BaseN Encoding and Grid Search in category_encoders

In the past I've posted about the various categorical encoding methods one can use for machine learning tasks, like one-hot encoding, ordinal or binary.  In my OSS package, category_encodings, I've added a single scikit-learn compatible encoder called BaseNEncoder, which allows the user to pick a base (2 for binary, N for ordinal, 1 for one-hot, or anywhere in between), and get consistently encoded categorical variables out.  Note that base 1 and one-hot aren't really the same thing, but in this case it's convenient to consider them as such.

Practically, this adds very little new functionality, rarely do people use base-3 or base-8 or any base other than ordinal or binary in real problems.  Where it becomes useful, however, is when this encoder is coupled with a grid search.

from __future__ import print_function
from sklearn import datasets
from sklearn.grid_search import GridSearchCV
from sklearn.cross_validation import train_test_split
from sklearn.metrics import classification_report
from sklearn.pipeline import Pipeline
from category_encoders.basen import BaseNEncoder
from examples.source_data.loaders import get_mushroom_data
from sklearn.linear_model import LogisticRegression

# first we get data from the mushroom dataset
X, y, _ = get_mushroom_data()
X = X.values  # use numpy array not dataframe here
n_samples = X.shape[0]

# Split the dataset in two equal parts
X_train, X_test, y_train, y_test = train_test_split(X, y, test_size=0.5, random_state=0)

# create a pipeline
ppl = Pipeline([
    ('enc', BaseNEncoder(base=2, return_df=False, verbose=True)),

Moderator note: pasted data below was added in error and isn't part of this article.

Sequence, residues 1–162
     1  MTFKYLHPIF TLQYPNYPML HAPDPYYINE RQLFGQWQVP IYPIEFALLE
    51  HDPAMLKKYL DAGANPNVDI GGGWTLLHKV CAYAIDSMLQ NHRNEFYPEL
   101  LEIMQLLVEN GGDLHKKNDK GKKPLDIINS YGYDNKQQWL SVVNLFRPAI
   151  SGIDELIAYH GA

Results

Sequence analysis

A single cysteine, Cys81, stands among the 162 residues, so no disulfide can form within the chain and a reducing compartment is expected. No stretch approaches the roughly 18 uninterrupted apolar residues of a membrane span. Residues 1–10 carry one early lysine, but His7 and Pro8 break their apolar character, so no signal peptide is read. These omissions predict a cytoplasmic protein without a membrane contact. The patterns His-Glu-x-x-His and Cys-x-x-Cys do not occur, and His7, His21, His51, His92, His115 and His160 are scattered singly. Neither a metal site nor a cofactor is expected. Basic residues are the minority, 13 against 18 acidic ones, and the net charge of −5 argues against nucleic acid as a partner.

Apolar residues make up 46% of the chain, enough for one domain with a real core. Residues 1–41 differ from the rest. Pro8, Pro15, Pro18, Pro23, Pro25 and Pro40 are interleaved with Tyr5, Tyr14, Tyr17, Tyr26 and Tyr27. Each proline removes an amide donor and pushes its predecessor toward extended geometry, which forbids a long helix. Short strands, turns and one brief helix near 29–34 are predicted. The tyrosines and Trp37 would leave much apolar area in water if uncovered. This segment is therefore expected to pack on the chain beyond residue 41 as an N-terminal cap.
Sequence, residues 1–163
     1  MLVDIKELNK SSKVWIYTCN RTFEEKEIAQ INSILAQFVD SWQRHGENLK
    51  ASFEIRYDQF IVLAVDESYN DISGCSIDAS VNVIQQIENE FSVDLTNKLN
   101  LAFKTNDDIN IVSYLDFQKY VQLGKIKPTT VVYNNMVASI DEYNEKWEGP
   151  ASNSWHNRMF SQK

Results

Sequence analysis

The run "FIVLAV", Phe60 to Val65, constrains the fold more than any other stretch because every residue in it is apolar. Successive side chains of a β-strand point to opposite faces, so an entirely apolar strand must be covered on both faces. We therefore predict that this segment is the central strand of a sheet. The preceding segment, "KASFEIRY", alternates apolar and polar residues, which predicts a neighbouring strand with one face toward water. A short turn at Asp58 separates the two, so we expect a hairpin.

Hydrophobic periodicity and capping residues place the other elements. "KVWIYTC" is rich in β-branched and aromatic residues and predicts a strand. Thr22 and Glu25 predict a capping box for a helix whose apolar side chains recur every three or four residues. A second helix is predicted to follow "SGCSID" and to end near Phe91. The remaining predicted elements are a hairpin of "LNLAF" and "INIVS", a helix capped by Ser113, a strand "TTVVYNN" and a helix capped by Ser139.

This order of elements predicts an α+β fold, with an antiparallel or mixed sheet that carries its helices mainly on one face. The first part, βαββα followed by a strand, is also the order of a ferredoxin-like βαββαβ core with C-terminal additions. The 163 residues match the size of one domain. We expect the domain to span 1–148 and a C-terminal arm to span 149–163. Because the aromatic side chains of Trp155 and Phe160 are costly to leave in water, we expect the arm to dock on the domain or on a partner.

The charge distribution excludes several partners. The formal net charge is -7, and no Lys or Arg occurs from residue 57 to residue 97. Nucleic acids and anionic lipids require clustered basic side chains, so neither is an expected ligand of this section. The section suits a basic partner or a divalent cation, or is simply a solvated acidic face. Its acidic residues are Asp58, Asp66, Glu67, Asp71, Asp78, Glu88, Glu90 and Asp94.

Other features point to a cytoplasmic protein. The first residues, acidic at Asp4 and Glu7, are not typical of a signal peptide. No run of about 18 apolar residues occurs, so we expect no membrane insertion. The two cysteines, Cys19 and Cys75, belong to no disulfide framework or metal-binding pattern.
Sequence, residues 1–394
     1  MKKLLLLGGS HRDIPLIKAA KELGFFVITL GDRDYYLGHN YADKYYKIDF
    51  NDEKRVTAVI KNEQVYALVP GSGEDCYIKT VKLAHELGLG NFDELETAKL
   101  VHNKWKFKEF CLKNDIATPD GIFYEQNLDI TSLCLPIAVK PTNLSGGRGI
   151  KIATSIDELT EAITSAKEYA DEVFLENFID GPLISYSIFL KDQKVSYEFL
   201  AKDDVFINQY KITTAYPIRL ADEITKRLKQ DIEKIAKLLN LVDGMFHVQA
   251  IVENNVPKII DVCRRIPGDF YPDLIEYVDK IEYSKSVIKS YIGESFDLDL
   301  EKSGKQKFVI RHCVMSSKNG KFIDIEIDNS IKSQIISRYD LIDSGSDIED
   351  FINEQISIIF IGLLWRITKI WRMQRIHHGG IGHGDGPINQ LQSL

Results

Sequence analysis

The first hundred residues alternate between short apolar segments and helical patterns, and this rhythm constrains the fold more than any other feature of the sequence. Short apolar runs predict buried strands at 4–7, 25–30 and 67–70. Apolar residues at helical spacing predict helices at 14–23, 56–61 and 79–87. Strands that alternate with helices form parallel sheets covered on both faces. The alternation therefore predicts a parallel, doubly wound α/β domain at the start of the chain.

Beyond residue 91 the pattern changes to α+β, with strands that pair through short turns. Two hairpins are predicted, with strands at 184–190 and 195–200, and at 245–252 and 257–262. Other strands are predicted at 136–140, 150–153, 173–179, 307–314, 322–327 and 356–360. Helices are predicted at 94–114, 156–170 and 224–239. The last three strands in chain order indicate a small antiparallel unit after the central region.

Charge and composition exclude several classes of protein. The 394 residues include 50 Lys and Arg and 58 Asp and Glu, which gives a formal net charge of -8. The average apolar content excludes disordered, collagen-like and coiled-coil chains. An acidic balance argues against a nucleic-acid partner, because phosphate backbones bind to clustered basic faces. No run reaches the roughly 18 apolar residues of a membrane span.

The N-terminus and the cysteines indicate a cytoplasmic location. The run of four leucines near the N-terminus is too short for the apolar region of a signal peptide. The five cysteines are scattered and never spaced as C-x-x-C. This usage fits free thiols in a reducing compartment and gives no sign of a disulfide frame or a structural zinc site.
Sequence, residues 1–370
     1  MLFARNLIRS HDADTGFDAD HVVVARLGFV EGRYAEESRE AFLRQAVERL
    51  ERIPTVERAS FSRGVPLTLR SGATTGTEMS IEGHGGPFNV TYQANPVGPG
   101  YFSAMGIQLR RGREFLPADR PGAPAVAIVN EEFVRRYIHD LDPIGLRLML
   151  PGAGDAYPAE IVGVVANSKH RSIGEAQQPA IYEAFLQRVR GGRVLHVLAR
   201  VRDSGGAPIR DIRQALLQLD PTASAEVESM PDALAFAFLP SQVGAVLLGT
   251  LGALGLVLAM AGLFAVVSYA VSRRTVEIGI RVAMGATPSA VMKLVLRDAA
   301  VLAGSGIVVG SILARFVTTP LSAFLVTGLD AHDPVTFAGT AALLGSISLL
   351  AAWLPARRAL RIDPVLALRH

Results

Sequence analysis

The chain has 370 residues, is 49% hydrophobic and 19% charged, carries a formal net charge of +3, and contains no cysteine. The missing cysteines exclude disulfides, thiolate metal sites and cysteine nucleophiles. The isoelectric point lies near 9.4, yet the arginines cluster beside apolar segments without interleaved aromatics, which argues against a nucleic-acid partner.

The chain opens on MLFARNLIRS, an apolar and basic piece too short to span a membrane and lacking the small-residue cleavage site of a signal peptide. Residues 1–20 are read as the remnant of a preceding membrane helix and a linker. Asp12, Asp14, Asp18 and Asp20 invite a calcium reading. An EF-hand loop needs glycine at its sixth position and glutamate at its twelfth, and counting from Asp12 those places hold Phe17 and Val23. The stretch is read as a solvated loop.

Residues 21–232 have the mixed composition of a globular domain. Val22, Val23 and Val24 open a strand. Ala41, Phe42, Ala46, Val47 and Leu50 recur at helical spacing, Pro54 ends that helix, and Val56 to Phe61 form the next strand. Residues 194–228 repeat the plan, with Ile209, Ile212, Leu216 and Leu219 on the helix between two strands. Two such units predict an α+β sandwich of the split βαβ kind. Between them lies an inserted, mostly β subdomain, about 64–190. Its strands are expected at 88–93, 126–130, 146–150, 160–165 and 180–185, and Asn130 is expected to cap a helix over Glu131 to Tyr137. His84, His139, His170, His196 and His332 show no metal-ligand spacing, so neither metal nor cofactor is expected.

('clf', LogisticRegression())
])


# Set the parameters by cross-validation
tuned_parameters = {
    'enc__base': [1, 2, 3, 4, 5, 6]
}

scores = ['precision', 'recall']

for score in scores:
    print("# Tuning hyper-parameters for %s\n" % score)
    clf = GridSearchCV(ppl, tuned_parameters, cv=5, scoring='%s_macro' % score)
    clf.fit(X_train, y_train)

    print("Best parameters set found on development set:\n")
    print(clf.best_params_)
    print("\nGrid scores on development set:\n")
    for mean, std, params in clf.grid_scores_:
        print("%s (+/-%s) for %s" % (mean, std * 2, params))

    print("\nDetailed classification report:\n")
    print("The model is trained on the full development set.")
    print("The scores are computed on the full evaluation set.\n")
    y_true, y_pred = y_test, clf.predict(X_test)
    print(classification_report(y_true, y_pred))

This code, from HERE, uses a normal scikit-learn grid search to find the optimal base for encoding categorical variables.  The trade-off between between how well pairwise distances between categories and the final dataset dimensionality is no longer a difficult to tune parameter.

By running the above script we get:

Best parameters set found on development set:

{'enc__base': 1}

Grid scores on development set:

{'enc__base': 1} (+/-1.99905151856) for [ 1.         1.         1.         1.         0.9976247]
{'enc__base': 2} (+/-1.98737951324) for [ 0.9805492   0.99763033  0.99621212  0.9964455   0.9976247 ]
{'enc__base': 3} (+/-1.95968049624) for [ 0.99411765  0.98387419  0.9651717   0.96970966  0.98633155]
{'enc__base': 4} (+/-1.96534331006) for [ 0.99500636  0.96541172  0.98387419  0.99013767  0.97892831]